inflation period. This is due to
the high price of hogs and the
low price of corn at this time
We are overlooking a profit mak
ing proposition if we fail to raise
hogs. We should remember'
though that these prices will not
continue always. It Is not ne
cessary that we buy high priced
pure bred hogs from which to
raise porkers and the profit
comes from selling them as fin
ished hogs to kill. Good grade
sows that v/ill raise large littere
and can be bought at fair prices
are the kind you should buy.
I believe we can expect good
pric(s for hogs during all of the
coming year. They may work
to a lower level but will still
leave a good prefit. Hog cholera
has done great damage in the
corn belt. It is said to be more
severe than the 1915 epidemic
and is hard capped by lack of
serum. You can realize the ser
iousness of the outbreak when
you know that in Iowa alone in
1913, 2,500,000 head were lost
from this cause. This decrease
in hogs will be offset in part at
least by the large cotton crop
with its supply of cotton seed
oil which will effect lard prices.
While we may expect lower
prices I believe we may expect a
good profit during all of the
We should remember that hogs
Will pay $2 a bushel for the
corn given them.
Produce as many pounds of
pork per acre as that land will
produce of cotton. '
Return a profit of five to seven
cents a pound gain when har
vesting corn grown on good land.
Return five times as much pro
fit on corn as is realized from
selling it at rharket price.
Maintain the fertility of thfi4i
land by keeping on it the fer
tility produced by it.
Make a profit every day in the
year and returns twice a year.
Do not fail to attend the meet
ing of the Kirby Farmers Club
which will be held at Severn at
7:30 Thursday, Nov, 18:h. Mr.
Shay of State College will tell
you how to make money with
E. P. Gullbdge,
Mr. M. B, Garriss and family,
and Mr. Walter Garriss and
family spenj; Sunday in Law-
renceville, Va.. guests of Mr.and
Mrs J. L. Ivey.
Mrs. M. L. Gray and daughter
returned home last week after
an extended visit with relatives
and friends up North,
Messrs Marvin Wade and Sam
Jones of Apex spent the week
end here with their parents.
Mrs. W. W, Woodley of Eliza
beth City spent a few days last
week here with her sister, Mrs.
H. C. Bottoms.
Mrs. Nan Bridgers returned
last week from Portsmouth, Va.,
where she has been visiting her
sister, Mrs. Rosa Norvel.
Mr. and Mrs. B. A. Scott and
Miss Bessie Bottoms of Jackson
spent the week end here in the
home of Mr, J. G, Bottoms.
Mr, Warren Vick of Emporia
spent the' week end here with
Mr. and Mrs. H. M. Lynch of
Seaboard spent a few hours here
Saturday P, M. with Mr. and
Mrs. M. L. Gray.
Mr. and Mrs. J. S. Gay and
daughter, Peggy, spent Satur
day in Roanoke Rapids with Mr.
Investigation of Automobile Wreck
Reveals no One Was to Dlame-
Invitations have been received
by friends in Kelford to the
marriage of Dr. Moody White of
Halifax and Miss Mary Ellen
Griffin of Woodland on Nov. 17th.
Dr. White had a very successful
practice in Kelford while he was
located in Lewiston and made
many friends by his close appli
cation to his profession and his
Profeasor Pollock’s All Star
Team came over from Aulander
last week and engaged Professor
McCain’s gii’ls in a game of Bas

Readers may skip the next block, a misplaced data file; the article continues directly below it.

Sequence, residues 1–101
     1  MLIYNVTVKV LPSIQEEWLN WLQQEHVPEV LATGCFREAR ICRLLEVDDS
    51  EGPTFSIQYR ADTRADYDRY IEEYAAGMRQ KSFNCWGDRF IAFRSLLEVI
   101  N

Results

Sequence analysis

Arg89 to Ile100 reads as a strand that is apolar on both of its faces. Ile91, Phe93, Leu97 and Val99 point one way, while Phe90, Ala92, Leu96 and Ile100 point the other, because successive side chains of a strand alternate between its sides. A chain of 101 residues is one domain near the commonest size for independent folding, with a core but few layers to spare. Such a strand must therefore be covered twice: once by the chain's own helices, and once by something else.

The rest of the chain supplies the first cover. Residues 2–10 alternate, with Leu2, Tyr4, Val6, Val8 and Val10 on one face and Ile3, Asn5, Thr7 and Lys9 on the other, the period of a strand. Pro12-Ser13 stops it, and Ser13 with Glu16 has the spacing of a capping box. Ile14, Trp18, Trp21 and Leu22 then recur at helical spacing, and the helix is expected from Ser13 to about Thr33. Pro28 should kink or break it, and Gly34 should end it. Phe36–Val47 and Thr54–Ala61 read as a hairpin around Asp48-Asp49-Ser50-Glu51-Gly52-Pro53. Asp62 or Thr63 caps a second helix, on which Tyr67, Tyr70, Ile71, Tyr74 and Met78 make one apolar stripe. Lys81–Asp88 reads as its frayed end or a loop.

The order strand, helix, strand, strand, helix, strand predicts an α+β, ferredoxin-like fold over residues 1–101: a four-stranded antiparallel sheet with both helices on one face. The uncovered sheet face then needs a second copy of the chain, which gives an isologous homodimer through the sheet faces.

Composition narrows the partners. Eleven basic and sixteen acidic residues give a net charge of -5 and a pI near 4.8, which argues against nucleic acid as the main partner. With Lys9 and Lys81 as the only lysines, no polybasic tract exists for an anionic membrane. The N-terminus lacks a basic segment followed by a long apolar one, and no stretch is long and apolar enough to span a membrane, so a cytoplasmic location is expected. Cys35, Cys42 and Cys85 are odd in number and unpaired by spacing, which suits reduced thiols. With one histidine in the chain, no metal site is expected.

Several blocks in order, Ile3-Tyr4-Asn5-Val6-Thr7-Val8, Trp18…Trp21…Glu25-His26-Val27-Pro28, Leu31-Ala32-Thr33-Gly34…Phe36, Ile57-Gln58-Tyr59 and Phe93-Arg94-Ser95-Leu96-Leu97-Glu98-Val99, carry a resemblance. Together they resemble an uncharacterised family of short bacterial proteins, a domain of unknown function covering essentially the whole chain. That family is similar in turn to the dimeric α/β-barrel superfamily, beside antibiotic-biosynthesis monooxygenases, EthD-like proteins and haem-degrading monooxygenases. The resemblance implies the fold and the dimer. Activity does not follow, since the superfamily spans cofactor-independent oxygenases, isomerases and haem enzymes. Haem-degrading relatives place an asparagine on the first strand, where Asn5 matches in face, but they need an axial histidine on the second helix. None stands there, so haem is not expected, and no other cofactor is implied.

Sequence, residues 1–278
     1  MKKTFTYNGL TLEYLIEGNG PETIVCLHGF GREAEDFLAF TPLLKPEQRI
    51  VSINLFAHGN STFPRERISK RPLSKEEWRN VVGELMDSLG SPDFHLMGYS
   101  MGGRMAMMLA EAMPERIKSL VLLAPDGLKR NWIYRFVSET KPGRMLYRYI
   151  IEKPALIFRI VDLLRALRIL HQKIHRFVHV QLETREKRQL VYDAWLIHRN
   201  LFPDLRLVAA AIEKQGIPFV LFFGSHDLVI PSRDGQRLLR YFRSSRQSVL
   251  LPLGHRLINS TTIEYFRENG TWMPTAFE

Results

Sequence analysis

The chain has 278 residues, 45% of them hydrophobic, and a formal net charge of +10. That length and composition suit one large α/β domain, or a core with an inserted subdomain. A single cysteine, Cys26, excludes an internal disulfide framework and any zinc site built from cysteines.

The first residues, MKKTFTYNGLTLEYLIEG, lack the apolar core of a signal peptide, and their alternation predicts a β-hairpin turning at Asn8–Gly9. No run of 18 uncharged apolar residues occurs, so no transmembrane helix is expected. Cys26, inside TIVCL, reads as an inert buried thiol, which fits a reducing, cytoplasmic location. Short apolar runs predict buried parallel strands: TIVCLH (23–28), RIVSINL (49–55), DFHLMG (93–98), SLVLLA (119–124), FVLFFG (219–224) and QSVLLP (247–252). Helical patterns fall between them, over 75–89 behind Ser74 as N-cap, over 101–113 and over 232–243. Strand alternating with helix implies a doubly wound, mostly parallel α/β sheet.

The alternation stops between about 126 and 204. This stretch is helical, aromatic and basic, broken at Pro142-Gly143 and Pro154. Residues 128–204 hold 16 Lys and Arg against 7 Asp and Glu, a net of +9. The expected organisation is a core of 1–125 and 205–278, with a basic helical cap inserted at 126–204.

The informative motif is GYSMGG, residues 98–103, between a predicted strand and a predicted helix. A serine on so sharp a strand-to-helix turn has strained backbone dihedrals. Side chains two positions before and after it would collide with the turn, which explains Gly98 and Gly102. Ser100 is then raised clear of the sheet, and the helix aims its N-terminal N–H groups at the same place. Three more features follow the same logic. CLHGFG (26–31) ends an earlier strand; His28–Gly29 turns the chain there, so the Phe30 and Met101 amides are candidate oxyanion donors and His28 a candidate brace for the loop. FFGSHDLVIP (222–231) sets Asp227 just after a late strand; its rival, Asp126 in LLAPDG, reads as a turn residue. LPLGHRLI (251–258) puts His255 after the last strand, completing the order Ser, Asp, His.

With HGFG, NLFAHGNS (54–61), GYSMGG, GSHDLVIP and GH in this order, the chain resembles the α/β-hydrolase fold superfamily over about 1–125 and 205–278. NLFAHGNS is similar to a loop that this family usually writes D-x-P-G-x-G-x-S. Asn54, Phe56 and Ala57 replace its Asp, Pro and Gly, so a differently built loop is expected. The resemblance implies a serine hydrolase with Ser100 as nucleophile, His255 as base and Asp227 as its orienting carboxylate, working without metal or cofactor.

ket Ball. A most brilliant game
was witnessed, ^ulander fighting
sp'endidly to the last ditch, but
was compelled to go down in de
feat before the skillful and clever
passes of the well trained Roxo-
bel-Kelford girls, by a score of
24 to 0. But as to the results of
a game played by the boys from
Aulander and the boys of Roxo-
bel-Kelford, immediately after
the girls game, this deponent
The Rev, Mr. H. C. Lowder,
principal of the Pendleton High
School, came over to Kelford and
conducted the Sunday morning
services at Kelford Baptist
church. His subject was un
gratefulness, and the manner in
which he handled it was pleasing
and delightful to his hearers and
qiadea profound impression upon
Mr. Carlton Cherry is home for
the week from Wake Forest Col
lege. He will attend the Griffin-
White nuptials at Woodland Wed
nesday as Best Man.
The automobile wreck that oc
curred Sunday night. Noy. 7th,
between Kelford and Roxobel in
which Mr. Elbert Hall lost his
life, was thoroughly investigated
in Justice Cobb’s court last Fri
day. As is Justice Cobb’s cus
tom in all cases he very thorough
ly investigated every phase of.
the case by the examination of
quite a number of witnesses who
were first on the scene and de-
veloped’the fact that the wreck
was purely accidental and no one
was to blame.
Mr. Geo. T. Parker, while op
erating a band saw in his shop
last week, lost the top of liis
right thumb by getting it caught
between a piece of timber and
the saw guide. Mr. Parker lost
three fingers from the same hand
about twenty years ago in an ac
cident with a circular saw.
A letter from Geo. T. Parker,
Jr., Erie, Pa., to his parents
written on Armistice Day, stated
that snow in Erie was two inches
deep and still falling with the
themometer standing at the
The Willing Workers Society
of Kelford will hold a Bazaar
and serve a Turkey dinner on
Friday evening, December lOtb,
at the rooms of the Kelford Radio
Club. It is hoped that a goodly
number will come and enjoy the
festivities of the evening and
contribute to a good cause.
and Mrs. B. H. Lanier.
Miss Claire Howell and her
guests. Misses Bettie Star How
ell and Evelyn Byrd of Norfolk
spent Thursday afternoon here
with Mrs. J. A. Pruden. ,
Mrs. J. A. Pruden and Mrs.
M. N. Carpenter went to Weldon
Friday afternoon shopping.
Mr. and Mrs. M. L. Gray and
daughter and Mr. A. L. Gray
spent a couple of days last week
The Missionary Society of
Sharon M. E. Church met with
Mrs. Jordan Edwards Wednes